The film “Bawaal,” directed by Nitesh Tiwari, has come under scrutiny for its portrayal of the Holocaust, drawing criticism from the Israeli embassy and the Jewish organization, The Simon Wiesenthal Center (SWC).
“Bawaal” revolves around the journey of Ajay Dixit (played by Varun Dhawan), a high school history teacher, and his wife Nisha (portrayed by Jahnvi Kapoor) during their Europe tour, where they visit significant World War 2 sites, including Auschwitz and Anne Frank's home in Amsterdam. The film includes controversial lines that compare marital discord to Auschwitz and greedy individuals to Hitler. Furthermore, it showcases a fantasy sequence featuring Janhvi and Varun wearing striped pyjamas in a Nazi camp.
The Israeli embassy expressed its concern over the movie's treatment of the Holocaust in a statement. They acknowledged that while they do not assume malice was intended, there was a poor choice in the usage of some terminology in the film. The embassy urged individuals who may not be fully aware of the horrors of the Holocaust to educate themselves about this critical subject. They emphasized their commitment to propagating educational materials on the Holocaust and expressed willingness to engage in conversations to foster a better understanding of the universal lessons derived from it.
Israeli ambassador to India, Naor Gilon, also weighed in on the matter through a tweet. He stated that he had not watched the film “Bawaal,” but based on what he had read, he believed there was a poor choice of terminology and symbolism. He stressed that trivializing the Holocaust should disturb everyone, and he urged those with limited knowledge about the Holocaust to educate themselves on the subject.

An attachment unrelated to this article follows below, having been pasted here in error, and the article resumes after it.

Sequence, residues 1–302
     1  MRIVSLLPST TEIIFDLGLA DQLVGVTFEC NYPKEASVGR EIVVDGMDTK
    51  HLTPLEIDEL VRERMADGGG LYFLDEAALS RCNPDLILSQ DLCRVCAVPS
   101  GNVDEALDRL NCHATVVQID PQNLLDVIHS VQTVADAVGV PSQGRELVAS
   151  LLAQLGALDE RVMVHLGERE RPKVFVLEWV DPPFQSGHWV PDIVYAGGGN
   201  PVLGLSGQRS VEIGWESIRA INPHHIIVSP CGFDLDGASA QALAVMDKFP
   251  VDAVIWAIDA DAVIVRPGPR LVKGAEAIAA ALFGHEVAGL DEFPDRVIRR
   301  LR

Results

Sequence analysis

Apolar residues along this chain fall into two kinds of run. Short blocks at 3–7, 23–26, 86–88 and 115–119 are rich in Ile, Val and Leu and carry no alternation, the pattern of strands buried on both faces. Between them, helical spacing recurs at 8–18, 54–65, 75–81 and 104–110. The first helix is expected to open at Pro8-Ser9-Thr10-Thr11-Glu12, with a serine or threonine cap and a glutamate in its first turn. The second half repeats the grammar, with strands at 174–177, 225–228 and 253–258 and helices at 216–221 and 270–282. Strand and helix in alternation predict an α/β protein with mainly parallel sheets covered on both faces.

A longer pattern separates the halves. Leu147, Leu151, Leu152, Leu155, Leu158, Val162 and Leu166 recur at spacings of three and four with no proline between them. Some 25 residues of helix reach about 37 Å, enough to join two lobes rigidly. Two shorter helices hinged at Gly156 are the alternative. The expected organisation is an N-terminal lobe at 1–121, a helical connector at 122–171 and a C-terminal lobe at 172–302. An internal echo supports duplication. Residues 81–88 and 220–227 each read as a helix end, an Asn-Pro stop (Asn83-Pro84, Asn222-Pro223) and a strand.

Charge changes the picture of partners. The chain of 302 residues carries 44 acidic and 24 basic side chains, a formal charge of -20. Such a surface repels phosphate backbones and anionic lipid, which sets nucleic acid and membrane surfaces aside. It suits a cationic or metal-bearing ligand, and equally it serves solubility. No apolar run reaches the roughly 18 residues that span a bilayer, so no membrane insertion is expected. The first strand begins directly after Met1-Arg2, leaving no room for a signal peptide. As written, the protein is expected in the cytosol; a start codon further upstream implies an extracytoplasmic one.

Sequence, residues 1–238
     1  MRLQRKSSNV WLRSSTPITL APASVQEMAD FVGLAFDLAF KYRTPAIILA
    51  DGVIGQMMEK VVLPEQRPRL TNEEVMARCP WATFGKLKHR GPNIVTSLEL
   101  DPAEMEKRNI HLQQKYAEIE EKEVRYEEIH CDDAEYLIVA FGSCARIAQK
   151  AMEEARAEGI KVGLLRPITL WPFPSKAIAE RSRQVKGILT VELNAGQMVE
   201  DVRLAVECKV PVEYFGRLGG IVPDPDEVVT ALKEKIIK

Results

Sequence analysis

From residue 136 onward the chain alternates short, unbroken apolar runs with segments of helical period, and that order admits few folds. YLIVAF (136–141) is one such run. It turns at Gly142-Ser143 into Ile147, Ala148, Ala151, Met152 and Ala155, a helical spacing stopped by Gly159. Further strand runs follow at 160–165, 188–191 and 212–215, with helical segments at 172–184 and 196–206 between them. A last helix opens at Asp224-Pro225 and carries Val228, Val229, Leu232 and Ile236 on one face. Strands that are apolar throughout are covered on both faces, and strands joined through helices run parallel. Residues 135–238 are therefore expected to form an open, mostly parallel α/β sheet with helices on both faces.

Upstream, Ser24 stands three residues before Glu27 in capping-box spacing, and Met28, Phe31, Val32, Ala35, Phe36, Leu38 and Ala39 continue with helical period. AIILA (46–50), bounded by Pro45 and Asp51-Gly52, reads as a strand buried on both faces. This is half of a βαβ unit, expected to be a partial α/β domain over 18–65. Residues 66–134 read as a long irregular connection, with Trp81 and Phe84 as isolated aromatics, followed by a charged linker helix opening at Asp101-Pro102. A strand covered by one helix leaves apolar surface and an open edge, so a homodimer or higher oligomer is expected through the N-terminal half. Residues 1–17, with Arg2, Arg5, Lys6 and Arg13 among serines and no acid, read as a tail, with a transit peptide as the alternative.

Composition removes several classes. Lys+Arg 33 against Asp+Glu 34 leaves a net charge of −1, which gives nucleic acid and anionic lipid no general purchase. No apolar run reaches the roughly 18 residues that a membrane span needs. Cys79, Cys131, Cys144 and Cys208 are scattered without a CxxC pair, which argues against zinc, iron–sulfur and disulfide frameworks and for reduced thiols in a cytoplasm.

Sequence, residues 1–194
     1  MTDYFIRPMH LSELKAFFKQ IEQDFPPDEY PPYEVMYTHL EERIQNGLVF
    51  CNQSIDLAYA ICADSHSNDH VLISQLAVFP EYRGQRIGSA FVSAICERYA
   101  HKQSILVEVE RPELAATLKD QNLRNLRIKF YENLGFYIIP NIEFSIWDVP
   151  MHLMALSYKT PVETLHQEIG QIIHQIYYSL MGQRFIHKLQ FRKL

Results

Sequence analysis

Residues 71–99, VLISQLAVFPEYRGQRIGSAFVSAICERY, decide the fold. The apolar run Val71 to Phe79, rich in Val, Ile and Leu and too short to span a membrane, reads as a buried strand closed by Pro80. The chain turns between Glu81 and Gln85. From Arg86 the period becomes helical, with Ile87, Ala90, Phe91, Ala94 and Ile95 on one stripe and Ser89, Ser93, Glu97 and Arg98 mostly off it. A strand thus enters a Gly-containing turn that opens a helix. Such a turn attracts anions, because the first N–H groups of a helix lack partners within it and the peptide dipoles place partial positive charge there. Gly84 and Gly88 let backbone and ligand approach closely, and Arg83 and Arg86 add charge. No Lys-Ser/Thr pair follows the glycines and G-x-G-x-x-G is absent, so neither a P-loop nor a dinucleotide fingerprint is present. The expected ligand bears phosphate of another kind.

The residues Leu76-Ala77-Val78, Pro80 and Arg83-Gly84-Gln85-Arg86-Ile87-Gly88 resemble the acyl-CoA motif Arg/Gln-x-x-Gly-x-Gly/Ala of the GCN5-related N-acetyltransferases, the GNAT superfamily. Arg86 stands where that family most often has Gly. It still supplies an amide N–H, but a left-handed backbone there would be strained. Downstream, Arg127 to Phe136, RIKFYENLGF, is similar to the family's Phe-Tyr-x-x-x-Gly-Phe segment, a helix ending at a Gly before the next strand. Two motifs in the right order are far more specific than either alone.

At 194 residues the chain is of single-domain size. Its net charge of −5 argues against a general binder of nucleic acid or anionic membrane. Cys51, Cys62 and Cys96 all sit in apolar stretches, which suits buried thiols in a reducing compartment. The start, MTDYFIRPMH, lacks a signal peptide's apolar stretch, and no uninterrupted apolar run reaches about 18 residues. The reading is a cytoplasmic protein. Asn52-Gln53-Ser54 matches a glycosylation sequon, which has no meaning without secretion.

The Simon Wiesenthal Center had previously voiced their strong objection to the film's portrayal of Auschwitz. Rabbi Abraham Cooper, the SWC Associate Dean and Director of Global Social Action, stated that Auschwitz is not a metaphor and should not be treated as such. He criticized the movie for trivializing and demeaning the memory of the 6 million Jews and millions of others who suffered under Hitler's genocidal regime. Cooper urged Amazon Prime, where the film was released, to stop monetizing “Bawaal” by removing its banal and insensitive portrayal of the suffering and systematic murder of Holocaust victims.
In response to the criticism, Nitesh Tiwari defended his film, stating that he carefully incorporated chapters from history that contribute to the development of the lead characters' arcs. He emphasized that each incident in the movie had been thoughtfully chosen, given the vastness of World War 2 and its profound impact on history.
As the debate continues, “Bawaal” remains a subject of controversy, sparking discussions on the responsible portrayal of historical events in cinema. The film's treatment of the Holocaust raises important questions about the ethical boundaries in storytelling and the need for sensitivity when dealing with such significant and tragic historical events.